this is for real
weill in japan: day 01
Here we go.
I write this from the desk of my room in Tokyo. My host family has
graciously let me stay for an extra night before my study abroad program
officially begins on July 4. This is my first time ever in Japan, and also
the first time that I have done a homestay for anywhere near this long (45
For me, day 1 started on Tuesday, July 2, at 6:03 AM Eastern Daylight Time,
and will end sometime around 11:00 PM Japan Standard Time on Wednesday, July 3.
My flight today was easily the longest that I've ever taken, but I survived.
Now the real challenges begin.
My flight on Tuesday morning was actually the continuation of a flight from
São Paolo, Brazil. This meant that our 747-400 would be packed with
passengers, even though the terminal at JFK International Airport in New York
was nearly empty. After I got on board the plane, I noticed that someone
was sitting in my designated seat. Seeing the opportunity to apply my years
of Japanese study, I started "Sumimasen...," or "Sorry..." I got back
a reply that I believe was mostly Portuguese, conveying the fact that this
passenger had switched seats with me. She guided me to my seat, and I humbly
sat down. There's no sense in having an argument in many languages at once.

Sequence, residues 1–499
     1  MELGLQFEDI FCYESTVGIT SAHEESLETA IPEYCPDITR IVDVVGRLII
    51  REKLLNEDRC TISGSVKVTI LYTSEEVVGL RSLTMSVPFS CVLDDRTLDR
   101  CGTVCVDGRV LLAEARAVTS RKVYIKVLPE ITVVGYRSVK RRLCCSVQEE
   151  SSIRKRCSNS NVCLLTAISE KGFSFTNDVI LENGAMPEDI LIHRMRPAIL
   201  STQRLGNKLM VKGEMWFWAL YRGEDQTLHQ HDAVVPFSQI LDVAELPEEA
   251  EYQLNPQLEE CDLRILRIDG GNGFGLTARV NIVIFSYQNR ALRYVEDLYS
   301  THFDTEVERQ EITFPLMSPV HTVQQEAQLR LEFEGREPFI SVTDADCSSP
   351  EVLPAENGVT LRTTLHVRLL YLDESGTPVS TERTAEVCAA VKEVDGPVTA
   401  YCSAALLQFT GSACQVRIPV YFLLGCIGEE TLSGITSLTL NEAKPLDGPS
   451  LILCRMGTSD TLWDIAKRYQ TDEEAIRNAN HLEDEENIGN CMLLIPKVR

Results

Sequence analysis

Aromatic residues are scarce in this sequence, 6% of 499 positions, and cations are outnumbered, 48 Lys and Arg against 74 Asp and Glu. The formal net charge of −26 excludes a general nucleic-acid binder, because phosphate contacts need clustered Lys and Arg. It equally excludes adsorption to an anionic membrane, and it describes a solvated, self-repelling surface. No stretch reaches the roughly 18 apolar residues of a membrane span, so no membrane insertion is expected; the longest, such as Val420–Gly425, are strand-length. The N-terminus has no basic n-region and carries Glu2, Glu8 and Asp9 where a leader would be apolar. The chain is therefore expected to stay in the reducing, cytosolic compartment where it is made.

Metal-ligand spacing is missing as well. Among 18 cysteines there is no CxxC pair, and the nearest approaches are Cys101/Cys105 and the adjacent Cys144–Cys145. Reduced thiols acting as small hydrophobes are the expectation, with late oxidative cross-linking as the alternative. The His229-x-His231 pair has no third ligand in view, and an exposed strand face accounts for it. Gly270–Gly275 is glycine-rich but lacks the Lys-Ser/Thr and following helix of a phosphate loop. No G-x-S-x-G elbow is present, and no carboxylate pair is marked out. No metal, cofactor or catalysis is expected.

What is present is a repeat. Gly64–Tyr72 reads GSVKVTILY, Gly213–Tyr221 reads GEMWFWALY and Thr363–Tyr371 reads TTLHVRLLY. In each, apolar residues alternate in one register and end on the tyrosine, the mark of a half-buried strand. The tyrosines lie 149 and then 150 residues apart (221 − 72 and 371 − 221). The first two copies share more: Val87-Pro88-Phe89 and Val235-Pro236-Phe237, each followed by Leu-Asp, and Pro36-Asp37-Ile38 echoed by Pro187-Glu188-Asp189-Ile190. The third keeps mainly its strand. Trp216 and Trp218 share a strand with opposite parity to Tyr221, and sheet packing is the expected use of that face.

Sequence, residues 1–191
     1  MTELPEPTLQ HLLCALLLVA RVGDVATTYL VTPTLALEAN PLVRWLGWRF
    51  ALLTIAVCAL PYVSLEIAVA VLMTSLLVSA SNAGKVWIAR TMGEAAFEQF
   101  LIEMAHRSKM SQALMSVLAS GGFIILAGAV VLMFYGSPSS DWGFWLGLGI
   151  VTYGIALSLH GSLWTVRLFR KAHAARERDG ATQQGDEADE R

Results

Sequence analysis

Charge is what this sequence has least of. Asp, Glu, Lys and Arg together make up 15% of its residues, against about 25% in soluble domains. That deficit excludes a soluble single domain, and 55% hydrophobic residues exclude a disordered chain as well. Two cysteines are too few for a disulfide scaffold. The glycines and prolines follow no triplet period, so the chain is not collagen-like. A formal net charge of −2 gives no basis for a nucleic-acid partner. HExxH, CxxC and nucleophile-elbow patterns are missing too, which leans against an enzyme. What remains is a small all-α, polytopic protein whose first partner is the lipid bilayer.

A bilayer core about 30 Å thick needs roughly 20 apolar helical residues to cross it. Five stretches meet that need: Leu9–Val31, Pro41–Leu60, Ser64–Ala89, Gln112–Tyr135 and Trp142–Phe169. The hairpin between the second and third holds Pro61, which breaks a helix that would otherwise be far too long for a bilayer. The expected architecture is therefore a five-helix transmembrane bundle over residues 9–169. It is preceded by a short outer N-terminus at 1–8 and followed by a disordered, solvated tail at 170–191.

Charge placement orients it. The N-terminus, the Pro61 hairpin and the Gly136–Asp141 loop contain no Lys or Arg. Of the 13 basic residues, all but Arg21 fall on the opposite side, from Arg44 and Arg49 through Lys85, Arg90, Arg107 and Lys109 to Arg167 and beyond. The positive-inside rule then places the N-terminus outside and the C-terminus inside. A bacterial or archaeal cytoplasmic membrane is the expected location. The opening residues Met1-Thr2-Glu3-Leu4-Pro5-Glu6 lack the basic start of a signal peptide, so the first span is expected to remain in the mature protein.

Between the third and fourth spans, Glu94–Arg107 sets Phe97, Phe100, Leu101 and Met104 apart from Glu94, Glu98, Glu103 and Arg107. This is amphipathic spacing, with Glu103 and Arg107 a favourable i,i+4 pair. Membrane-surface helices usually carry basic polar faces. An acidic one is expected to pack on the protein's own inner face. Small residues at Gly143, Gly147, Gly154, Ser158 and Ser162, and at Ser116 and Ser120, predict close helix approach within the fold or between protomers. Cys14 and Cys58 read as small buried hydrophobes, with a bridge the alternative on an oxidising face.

Japan has an increasing number of Portuguese speakers, due to the return of
emigrants who left Japan for Brazil and other points in South America. On a
more practical note, this made the flight a surreal trilingual experience, as
announcements were repeated in English, Japanese, and Portuguese. I've never
seen anything like it.
JAL is a pretty good airline, from my extremely limited experience with
them. The food isn't much to speak of, but the in-flight entertainment is
incredible. Every seat has a personal video monitor in it, and even in coach
there were 10 movies and several other programs being run on loops. It wasn't
until about an hour into the flight when I figured out how to switch the
spoken language to English, which is good because "Crossroads" doesn't get any